If Brad Pitt ever finds himself caught up in a real-life zombie apocalypse, I suspect he’ll do quite well. His intrepid character in World War Z, Gerry, a former UN operative, becomes separated from his family, walks away from a horrific car accident, is nearly torn apart by shrapnel from an exploded helicopter, survives a plane crash AND being impaled chest to back by a length of steel, injects himself with not one but two deadly pathogens, all the while managing beyond reasonable expectation to escape the clutches of lunatics infected with a virulent strain of rabies. This is, without question, the most fortunate man in the history of zombie movies. And if you think all of that is crazy, you could drive yourself right into a straight-jacket miring in some of the movie’s more interesting technical points.
But, dammit, I say none of that matters, because, despite its inconsistencies, World War Z manages to thrill like few other action movies this year. And that’s saying a lot about a premise that primarily involves people getting their throats ripped out. Gerry, now a retired family man, finds himself pulled back into government service as the infectious disease spreads rapidly across the continents, turning its victims into ravenous crazies. What begins as a mission to escort a pathologist into Asia to search for patient zero becomes a cross-continental fight to the death, as Gerry follows a series of leads (some of them false) to what might be a cure located somewhere in Wales. Along the way, he picks up a lovely plot device named Segen (Daniella Kertesz), a Vasquez-like soldier who follows Gerry into the depths of hell and proceeds to kick twice as much ass with fewer limbs than when she started.
Gerry’s wife, Karin, and their two children have little to do except wait in a safe-zone for dad to return. Karin has her requisite scenes of fret and despair, as she waits for a daily phone call from Gerry. It’s a thankless job for actress Mireille Enos, but she goes about it admirably, nonetheless. Director Marc Forster knows the meat and potatoes of the movie are in its intricate action sequences, as Gerry moves from country to country, slaughtering the hordes of zombies standing between him and his goal. Forster has essentially given us a two-hour first-person shooter game that’s unusually exciting for the genre. He avoids going for easy laughs as a means of levity, choosing instead to allow the story to unfold organically as a bleak end-of-the-world scenario. By the time the story has shaken out, we realize we’ve become invested in Gerry’s outcome, precisely because Forster has been so straight with us.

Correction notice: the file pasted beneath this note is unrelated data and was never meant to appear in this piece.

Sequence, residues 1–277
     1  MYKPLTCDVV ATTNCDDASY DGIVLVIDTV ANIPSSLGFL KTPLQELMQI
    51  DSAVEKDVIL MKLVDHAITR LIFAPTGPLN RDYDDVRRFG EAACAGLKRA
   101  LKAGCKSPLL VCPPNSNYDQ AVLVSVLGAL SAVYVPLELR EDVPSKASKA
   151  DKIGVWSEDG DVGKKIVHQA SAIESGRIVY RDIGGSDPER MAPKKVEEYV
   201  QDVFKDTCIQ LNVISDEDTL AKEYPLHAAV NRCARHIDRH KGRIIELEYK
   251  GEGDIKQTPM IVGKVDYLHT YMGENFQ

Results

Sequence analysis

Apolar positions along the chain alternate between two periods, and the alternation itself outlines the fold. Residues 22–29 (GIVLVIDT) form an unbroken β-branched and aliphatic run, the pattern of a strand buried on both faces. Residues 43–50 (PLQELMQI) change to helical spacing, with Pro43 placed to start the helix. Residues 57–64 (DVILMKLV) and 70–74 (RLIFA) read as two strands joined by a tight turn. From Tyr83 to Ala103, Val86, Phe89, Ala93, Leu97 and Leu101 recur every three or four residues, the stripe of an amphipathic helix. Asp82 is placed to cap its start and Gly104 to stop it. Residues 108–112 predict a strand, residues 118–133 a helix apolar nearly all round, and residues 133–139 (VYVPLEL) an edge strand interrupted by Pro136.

One last thing: I continue to insist that Brad Pitt is one of the most underrated actors working; watch his recent work in The Tree of Life and Moneyball and tell me you disagree. Here, he plays a character without any real dimension and manages to make us care about him through a sense of urgency and the real possibility of never making it home to his wife and kids. Pitt has a natural ease, never seeming to strain for the right notes, a skill we’ve seen in film after film. He’s the real deal. Along with his uncanny knack for producing great films (like this year’s sensational 12 Years a Slave) I think Pitt may have finally shaken off the final vestiges of his Hollywood pretty-boy image and emerged as a cinema heavy-weight.